Taken literally, a high housing cost-to-income ratio justifies increased nonhousing expenditures by the government. Observers care about high spending on housing by lower-income households because it leads to less spending on other items that observers consider necessary to thrive. The Minneapolis Affordable Housing Task Force (1999, p. 3) starts its report arguing that "children are going without enough food because their families cannot afford both food and rent." The notion that a high housing cost-to-income ratio justifies increased government support for nonhousing items may still seem counterintuitive and abstract. But simply consider the case of very high-income households paying more than 30 percent of their income on housing that can still afford large amounts of food, clothing, transportation and so on. We cannot believe that policymakers would support legislation to fix this "affordability" problem. This suggests that a high housing cost-to-income ratio in the absence of other nonhousing deprivations cannot be the source of policy concern.
If the problem is too little consumption of nonhousing goods, the government should increase its support for low-income households' acquisition of food, utilities, health care and the other items that high housing costs may limit (see Olsen 2001 for a discussion of this point). Subsidizing housing does not seem to be a cost-effective method for increasing a household's access to nonhousing goods and services. Programs that subsidize housing naturally seek to increase consumption of housing and thus drain away resources from the ultimate goal of increasing the delivery of nonhousing items. To increase a household's consumption of nonhousing goods by a dollar would require the government to spend more than a dollar, maybe much more, if the subsidy is restricted in its use to housing.
So a logical response to a high housing cost-to-income ratio is to directly increase the income of low-income households. The Earned Income Tax Credit is an example of a program that provides a cash transfer. Cash has the attractive feature of allowing the recipient to determine the highest-value use of the money. Alternatively, the government could provide these low-income households with additional food stamps, health insurance and similar benefits that make nonhousing items more attainable.
We emphasize that our argument for a nonhousing response to a supposed housing problem would not apply to households whose resources are so limited that they have no shelter. Food could not replace housing for these households. However, the number of households that would fall into these categories is a very small part of the population.
Some might object to policies that address the income aspect of the housing crisis through cash or other nonhousing transfers. We now turn to policy responses that would seek to subsidize the consumption of housing.
Housing-related responses: vouchers vs. production programs
Some policymakers would only support policies that direct government funds to expenditures on housing. A particularly important question for policymakers is if they want to subsidize specific new units or tenants through a housing voucher.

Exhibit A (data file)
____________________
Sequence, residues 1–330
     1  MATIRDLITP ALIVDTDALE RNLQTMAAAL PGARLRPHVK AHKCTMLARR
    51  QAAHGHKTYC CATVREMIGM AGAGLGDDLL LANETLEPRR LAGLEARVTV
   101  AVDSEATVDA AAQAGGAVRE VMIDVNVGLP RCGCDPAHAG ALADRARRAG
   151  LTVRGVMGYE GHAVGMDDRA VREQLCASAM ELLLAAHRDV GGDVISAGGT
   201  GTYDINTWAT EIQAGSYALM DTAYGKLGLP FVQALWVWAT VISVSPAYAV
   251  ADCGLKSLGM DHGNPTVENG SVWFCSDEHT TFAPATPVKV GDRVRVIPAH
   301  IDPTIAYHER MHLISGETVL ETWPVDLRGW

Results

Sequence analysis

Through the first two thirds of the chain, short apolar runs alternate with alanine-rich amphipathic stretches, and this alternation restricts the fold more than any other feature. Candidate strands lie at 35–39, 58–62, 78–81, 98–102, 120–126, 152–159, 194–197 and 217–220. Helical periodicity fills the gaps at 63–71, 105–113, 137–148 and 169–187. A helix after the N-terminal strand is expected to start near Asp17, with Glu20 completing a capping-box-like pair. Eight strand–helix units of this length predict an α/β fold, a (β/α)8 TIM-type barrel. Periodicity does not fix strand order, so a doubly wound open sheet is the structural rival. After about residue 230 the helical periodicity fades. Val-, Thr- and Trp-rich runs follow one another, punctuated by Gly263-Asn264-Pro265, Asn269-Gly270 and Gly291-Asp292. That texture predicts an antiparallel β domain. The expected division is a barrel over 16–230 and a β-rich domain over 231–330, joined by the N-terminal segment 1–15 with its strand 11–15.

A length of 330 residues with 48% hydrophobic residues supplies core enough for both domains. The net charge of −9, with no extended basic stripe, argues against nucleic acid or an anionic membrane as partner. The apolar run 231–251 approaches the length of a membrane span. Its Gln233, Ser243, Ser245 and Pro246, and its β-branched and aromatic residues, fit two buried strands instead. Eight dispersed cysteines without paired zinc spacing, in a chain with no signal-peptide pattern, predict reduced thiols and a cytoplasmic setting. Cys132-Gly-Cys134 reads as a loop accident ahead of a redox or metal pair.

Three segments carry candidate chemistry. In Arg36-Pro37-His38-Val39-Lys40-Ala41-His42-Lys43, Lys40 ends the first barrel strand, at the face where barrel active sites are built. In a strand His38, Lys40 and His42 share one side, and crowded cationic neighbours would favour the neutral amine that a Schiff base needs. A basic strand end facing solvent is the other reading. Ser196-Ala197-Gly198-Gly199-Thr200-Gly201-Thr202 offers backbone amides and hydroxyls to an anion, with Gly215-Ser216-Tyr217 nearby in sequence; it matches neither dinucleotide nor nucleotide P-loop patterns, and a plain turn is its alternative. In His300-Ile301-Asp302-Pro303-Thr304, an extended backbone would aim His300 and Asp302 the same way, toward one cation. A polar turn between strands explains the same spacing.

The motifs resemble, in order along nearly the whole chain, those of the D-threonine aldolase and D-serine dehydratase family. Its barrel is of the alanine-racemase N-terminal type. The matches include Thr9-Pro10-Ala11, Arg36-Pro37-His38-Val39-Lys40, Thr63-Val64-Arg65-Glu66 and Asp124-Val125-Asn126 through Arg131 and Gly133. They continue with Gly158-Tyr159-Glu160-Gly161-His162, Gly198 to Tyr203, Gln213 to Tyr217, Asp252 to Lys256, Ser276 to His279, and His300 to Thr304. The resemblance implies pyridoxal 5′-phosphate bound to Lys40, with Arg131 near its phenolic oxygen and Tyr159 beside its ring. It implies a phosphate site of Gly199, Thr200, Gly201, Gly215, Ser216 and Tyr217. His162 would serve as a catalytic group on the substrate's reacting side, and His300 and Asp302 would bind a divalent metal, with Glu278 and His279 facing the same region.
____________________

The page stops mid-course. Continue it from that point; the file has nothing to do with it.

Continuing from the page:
A summary of available research on housing assistance aimed at low-income households, albeit often limited and dated, offers several reasons to support vouchers. The most important in our view is that vouchers provide affordable units at a much lower cost than new production programs by relying on older, already existing housing units (the kind of housing that nearly all households live in). The General Accounting Office (2001, p. 2) recently found that after controlling for unit size and general location, "total per-unit costs for housing production programs are from 32 to 59 percent greater than for housing vouchers in the first year and from 12 to 27 percent greater over 30 years." Because they are more cost-effective, vouchers could serve more households than production programs.
More generally, a shift to vouchers is also consistent with the view that the "housing" problems for low-income households represent "income" problems. The voucher system relies on private markets to provide low-cost housing. Vouchers increase housing consumption by increasing the income of households. Private markets can provide lower-cost housing more cost effectively by relying on existing units than can new production programs. As the case of filtering revealed and Quigley (1999, p. 48) highlights, "It is far more expensive to create low-income housing through new construction than through depreciation." A wide range of economists argue that increased income for poor households represents the most effective policy solution for an affordability problem.
As long as private markets are not overly constrained by regulation, the increase in consumption catalyzed by the voucher program should signal private markets to increase supply. Thus, vouchers should be effective even in areas with low vacancy rates over the long run. However, in cases where regulation binds the market's supply response, the increase in consumption induced by vouchers may only end up raising prices. In these cases, policymakers should consider attempts to reduce regulation, although, as discussed in working paper Appendix 4, making such changes will be a challenge.